Starting in the 1970s there has been a significant wave of storytelling revivalism in the United States, Canada, and across much of Western Europe. Drawing on earlier revivals of oral traditional or “folk” music, dance, and crafts, this revival has spawned a new class of freelance professional storytellers along with a broader network of enthusiasts who make use of oral stories as tools in a variety of amateur and applied professional settings (especially education, business, ministry, and health care). Because this revival has taken root in an advanced technological society with a longstanding commitment to (if not actual realization of) universal literacy, it occupies a cultural position that blends conservative and radical elements. Storytellers affirm their commitment to traditional values of community memory, interconnectedness, localism, and ethnic heritage, while at the same time placing these attitudes in the service of potentially hegemonic, homogenizing forces. This paper will explore these paradoxical forces at work in the American storytelling movement and reflect on their implications for emergent storytelling work in the context of the Kingdom of Bhutan.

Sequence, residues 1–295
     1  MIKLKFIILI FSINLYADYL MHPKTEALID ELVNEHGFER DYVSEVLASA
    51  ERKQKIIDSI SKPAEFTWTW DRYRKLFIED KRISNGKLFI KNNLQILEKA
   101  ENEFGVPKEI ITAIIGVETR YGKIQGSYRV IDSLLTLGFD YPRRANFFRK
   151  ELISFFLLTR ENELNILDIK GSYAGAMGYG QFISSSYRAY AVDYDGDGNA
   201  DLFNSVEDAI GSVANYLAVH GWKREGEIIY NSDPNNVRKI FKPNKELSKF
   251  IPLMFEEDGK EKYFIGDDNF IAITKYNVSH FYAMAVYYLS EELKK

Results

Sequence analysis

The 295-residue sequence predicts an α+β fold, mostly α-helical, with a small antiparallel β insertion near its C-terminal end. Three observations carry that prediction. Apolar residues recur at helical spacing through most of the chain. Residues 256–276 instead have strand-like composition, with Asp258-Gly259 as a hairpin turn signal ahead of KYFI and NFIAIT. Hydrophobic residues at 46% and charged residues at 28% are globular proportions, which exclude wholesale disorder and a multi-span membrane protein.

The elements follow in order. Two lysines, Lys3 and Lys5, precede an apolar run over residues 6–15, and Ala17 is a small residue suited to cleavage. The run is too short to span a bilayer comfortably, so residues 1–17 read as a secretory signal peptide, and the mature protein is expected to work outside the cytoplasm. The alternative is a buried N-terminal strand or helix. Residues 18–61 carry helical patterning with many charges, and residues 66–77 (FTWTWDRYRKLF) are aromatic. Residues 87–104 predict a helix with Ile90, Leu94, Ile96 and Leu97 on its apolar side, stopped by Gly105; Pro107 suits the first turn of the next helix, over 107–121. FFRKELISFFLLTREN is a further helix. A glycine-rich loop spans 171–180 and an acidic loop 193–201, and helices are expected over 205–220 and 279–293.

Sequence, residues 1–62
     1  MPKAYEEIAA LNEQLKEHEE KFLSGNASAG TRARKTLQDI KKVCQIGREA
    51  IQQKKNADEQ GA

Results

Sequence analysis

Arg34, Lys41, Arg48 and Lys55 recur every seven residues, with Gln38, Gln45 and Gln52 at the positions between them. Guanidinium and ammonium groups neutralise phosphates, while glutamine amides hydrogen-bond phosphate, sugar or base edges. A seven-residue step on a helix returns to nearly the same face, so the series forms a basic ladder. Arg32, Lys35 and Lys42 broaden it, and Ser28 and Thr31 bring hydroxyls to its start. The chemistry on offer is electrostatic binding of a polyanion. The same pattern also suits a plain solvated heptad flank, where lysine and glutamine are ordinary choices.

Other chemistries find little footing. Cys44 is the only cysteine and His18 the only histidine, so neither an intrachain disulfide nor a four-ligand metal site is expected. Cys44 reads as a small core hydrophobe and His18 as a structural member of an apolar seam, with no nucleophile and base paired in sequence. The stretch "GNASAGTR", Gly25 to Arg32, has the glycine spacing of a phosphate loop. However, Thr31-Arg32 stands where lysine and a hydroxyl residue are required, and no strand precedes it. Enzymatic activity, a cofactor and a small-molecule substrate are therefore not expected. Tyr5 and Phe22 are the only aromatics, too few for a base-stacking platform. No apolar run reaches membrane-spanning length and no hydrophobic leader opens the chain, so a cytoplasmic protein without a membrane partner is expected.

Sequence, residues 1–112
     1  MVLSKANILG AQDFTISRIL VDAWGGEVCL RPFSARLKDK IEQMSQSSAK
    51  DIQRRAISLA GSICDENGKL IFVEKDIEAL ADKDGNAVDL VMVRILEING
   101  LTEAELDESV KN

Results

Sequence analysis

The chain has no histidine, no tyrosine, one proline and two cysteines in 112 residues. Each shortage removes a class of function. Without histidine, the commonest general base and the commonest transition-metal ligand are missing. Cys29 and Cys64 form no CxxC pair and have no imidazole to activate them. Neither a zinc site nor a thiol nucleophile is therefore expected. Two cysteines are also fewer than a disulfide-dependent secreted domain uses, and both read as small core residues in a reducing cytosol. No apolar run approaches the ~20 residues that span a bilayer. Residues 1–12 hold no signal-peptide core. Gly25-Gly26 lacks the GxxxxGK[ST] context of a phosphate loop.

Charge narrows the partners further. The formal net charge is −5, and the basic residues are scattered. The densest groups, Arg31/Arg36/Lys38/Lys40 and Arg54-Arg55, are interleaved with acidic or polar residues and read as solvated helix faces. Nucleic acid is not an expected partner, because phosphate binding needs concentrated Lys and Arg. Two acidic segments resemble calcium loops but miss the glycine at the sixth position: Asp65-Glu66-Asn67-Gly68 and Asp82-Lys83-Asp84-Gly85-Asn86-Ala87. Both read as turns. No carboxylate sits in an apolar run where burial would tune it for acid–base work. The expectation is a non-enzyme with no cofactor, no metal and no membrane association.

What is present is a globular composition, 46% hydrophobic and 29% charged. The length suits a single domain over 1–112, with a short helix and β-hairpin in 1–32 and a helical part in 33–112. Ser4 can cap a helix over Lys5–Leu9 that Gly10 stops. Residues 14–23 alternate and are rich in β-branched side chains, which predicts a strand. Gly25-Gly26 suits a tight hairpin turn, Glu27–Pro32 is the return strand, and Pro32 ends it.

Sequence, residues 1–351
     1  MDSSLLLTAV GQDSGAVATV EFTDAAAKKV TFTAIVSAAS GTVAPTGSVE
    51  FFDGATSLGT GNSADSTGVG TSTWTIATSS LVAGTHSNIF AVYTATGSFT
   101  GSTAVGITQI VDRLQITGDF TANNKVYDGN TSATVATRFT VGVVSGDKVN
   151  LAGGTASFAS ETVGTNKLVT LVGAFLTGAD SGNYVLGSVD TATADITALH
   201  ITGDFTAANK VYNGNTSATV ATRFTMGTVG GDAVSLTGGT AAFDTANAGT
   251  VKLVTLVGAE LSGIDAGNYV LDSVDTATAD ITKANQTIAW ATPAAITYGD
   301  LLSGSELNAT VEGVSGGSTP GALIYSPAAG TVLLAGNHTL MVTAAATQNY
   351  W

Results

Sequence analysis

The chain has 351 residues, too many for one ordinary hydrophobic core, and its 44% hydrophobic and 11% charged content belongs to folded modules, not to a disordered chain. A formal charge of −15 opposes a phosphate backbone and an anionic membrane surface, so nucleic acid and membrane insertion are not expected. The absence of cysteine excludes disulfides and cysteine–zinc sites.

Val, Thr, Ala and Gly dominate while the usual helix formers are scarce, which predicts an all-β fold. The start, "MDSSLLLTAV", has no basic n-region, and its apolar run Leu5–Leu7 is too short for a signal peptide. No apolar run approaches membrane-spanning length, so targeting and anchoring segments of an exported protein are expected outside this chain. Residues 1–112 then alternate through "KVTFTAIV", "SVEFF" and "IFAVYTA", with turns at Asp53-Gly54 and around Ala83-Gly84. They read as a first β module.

"Oracy in the New Millennium: Storytelling Revival in America and Bhutan,"
Storytelling, Self, Society:
1, Article 7.
Available at: http://digitalcommons.wayne.edu/storytelling/vol6/iss1/7